Remember Me
Or use your Academic/Social account:


Or use your Academic/Social account:


You have just completed your registration at OpenAire.

Before you can login to the site, you will need to activate your account. An e-mail will be sent to you with the proper instructions.


Please note that this site is currently undergoing Beta testing.
Any new content you create is not guaranteed to be present to the final version of the site upon release.

Thank you for your patience,
OpenAire Dev Team.

Close This Message


Verify Password:
Verify E-mail:
*All Fields Are Required.
Please Verify You Are Human:
fbtwitterlinkedinvimeoflicker grey 14rssslideshare1
Boyle, R.; Kelly, L.W. (2013)
Publisher: Sage
Languages: English
Types: Article
Subjects: H1
This short commentary piece arises from completing an Arts and Humanities Research Council (AHRC)–funded research project into the relationship between representations of business on factual television in the United Kingdom and the public’s perception and understanding of entrepreneurship. What we would like to do here is reflect on some of the implications of this work with specific regard to the research agenda around the media and civic culture. We remain convinced that even in the digital age, popular television remains a central entry point into debates about the relationship between broader civic and political culture.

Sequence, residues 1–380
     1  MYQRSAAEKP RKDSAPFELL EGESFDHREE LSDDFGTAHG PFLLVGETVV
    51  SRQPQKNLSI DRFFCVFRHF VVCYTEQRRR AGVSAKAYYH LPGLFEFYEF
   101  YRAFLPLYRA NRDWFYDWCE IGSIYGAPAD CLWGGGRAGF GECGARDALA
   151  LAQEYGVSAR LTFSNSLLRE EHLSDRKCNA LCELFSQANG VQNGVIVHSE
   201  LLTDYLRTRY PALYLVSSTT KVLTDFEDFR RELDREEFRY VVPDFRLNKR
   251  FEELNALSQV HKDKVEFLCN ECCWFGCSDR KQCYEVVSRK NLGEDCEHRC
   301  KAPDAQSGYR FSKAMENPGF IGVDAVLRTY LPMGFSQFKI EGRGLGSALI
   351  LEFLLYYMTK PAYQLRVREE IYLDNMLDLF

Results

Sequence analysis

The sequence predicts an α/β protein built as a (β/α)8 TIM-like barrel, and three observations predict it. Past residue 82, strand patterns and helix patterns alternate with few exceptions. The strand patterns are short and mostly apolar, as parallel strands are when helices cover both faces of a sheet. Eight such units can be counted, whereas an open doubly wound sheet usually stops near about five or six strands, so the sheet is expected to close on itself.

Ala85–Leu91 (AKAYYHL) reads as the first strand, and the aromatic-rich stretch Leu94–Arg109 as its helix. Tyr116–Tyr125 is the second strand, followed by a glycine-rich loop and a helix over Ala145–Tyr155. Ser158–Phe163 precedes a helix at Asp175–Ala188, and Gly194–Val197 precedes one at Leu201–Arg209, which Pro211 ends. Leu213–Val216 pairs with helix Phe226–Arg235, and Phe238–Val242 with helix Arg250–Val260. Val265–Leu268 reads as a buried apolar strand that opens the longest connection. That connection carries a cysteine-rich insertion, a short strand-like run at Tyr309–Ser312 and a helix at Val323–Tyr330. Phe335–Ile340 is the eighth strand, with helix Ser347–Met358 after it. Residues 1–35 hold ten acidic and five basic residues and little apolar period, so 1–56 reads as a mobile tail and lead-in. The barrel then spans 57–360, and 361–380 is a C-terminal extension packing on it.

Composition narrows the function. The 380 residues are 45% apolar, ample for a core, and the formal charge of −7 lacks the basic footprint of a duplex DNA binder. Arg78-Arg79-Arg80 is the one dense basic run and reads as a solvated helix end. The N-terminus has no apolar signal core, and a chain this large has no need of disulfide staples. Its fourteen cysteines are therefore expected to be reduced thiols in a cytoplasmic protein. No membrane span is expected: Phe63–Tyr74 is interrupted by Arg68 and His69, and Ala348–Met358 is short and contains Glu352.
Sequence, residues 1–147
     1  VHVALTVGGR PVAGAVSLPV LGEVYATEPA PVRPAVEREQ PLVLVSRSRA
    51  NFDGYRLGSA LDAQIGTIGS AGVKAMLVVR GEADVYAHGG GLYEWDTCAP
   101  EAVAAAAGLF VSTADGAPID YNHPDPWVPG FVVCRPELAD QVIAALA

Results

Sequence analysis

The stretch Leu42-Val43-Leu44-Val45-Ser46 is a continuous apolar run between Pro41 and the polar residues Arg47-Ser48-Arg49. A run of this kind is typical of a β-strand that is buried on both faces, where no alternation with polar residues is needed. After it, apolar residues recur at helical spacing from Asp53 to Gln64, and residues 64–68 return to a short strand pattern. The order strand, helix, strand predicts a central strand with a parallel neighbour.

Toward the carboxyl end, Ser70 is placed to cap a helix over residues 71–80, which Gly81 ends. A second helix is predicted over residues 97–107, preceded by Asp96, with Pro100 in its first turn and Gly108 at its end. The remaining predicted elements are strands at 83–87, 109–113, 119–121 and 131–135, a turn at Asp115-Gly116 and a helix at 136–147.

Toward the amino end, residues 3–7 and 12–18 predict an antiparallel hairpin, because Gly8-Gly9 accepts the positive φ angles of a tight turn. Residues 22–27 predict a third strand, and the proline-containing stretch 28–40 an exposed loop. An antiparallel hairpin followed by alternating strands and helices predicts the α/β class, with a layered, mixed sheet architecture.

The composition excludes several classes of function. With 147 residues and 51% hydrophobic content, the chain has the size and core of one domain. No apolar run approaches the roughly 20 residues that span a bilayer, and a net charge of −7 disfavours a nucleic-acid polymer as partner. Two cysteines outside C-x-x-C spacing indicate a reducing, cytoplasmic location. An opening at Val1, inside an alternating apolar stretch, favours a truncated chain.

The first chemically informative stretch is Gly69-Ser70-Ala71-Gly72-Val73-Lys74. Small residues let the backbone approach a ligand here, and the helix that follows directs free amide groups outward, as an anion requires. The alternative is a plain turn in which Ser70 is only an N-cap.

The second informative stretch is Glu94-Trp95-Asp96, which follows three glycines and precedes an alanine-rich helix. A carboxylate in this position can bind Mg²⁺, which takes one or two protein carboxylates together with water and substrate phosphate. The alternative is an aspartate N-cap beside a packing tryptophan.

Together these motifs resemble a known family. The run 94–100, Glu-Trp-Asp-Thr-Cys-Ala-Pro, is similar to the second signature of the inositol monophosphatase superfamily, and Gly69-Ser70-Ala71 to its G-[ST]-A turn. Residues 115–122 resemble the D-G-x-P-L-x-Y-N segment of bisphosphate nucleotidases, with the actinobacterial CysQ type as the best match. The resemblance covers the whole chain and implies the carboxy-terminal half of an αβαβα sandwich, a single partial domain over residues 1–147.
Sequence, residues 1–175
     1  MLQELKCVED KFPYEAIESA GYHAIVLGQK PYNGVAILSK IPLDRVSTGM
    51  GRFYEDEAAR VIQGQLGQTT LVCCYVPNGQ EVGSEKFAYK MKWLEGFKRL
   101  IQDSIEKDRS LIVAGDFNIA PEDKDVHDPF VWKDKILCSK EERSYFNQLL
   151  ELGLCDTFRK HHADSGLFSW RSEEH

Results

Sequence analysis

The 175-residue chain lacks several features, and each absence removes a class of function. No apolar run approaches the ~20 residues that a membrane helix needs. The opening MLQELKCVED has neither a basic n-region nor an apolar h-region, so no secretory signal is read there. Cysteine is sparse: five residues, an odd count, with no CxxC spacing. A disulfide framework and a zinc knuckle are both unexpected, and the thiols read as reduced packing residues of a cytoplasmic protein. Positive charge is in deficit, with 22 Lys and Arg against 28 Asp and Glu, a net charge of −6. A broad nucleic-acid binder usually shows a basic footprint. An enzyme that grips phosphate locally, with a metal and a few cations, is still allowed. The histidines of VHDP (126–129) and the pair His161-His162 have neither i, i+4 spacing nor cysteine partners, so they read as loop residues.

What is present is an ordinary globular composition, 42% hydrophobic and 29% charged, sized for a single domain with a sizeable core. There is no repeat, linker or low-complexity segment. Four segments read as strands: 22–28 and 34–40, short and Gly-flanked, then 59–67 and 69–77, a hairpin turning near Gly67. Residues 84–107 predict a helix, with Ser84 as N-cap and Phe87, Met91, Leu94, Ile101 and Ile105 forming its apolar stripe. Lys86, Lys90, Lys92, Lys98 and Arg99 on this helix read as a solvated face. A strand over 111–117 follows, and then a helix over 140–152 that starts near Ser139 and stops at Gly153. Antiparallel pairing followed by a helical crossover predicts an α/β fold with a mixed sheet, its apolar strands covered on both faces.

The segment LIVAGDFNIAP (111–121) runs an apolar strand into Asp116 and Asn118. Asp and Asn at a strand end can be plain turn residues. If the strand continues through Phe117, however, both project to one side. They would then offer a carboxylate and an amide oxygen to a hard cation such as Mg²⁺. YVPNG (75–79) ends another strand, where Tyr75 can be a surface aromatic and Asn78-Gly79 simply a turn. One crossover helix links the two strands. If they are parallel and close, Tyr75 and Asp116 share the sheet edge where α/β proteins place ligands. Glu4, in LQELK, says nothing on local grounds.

• The results below are discovered through our pilot algorithms. Let us know how we are doing!

    • Bennett, J. and Holmes, S. 2010. The 'place' of television in celebrity studies. Celebrity Studies, 1(1), 65-80.
    • Boyle, R. 2009. The Rise of the British Entertainment Format on British Television. Localizing Global TV, in TV Formats Worldwide, edited by A. Moran. London: Intellect, 97-112.
    • Boyle, R and Kelly, L.W. 2010. The Celebrity Entrepreneur on Television: Profile, Politics and Power. Celebrity Studies, 1(3), 334-350.
    • Boyle, R. and Kelly, L.W., 2012. The Television Entrepreneurs: Social Change and Public Understanding of Business, London: Ashgate Publishing.
    • Brunsdon, C., Johnson, C., Moseley, R. and Wheatley, H. 2001. Factual 44.
    • Hill, A. 2008. Documentary Modes of Engagement, in Rethinking Documentary: New Perspectives, New Practices, edited by T. Austin and W. de Jong. Maidenhead and New York: Open University Press, 217-231.
    • Kelly, L.W. and Boyle, R. 2011. Business on Television: Continuity, Change and Risk in the Development of the Entertainment Format. Television and New Media, 12(3), 228-247.
    • Klein, B. 2011. Entertaining ideas: social issues in entertainment television, Media, Culture and Society, Vol. 33 (6) , 905 - 921.
    • Lusted, D. 1998. The Popular Culture Debate and Light Entertainment on Television, in The Television Studies Book, edited by C. Geraghty and D. Lusted. London: Arnold, 175-190.
    • McMurria, J. 2009. Global TV Realities: International Markets, Geopolitics, and the Transcultural Contexts of Reality TV, in Reality TV: Remaking Television Culture, edited by S. Murray and L. Ouellette. New York and London: New York University Press.
    • Moran, A. 1998. Copycat Television: Globalisation, Program Formats and Cultural Identity. Luton: University of Luton.
    • Murray, S. and Ouellette, L. 2009. Second Edition. Reality TV. Reality TV: Remaking Television Culture. New York and London: New York University Press.
    • Ouellette, L. and Hay, J. 2008. Better Living Through Reality TV: Television and Post-Welfare Citizenship. Walden, MA and Oxford: Blackwell.
    • Steemers, J. 2004. Selling Television: British Television in the Global Marketplace. London: BFI.
  • No related research data.
  • No similar publications.

Share - Bookmark

Download from

Cite this article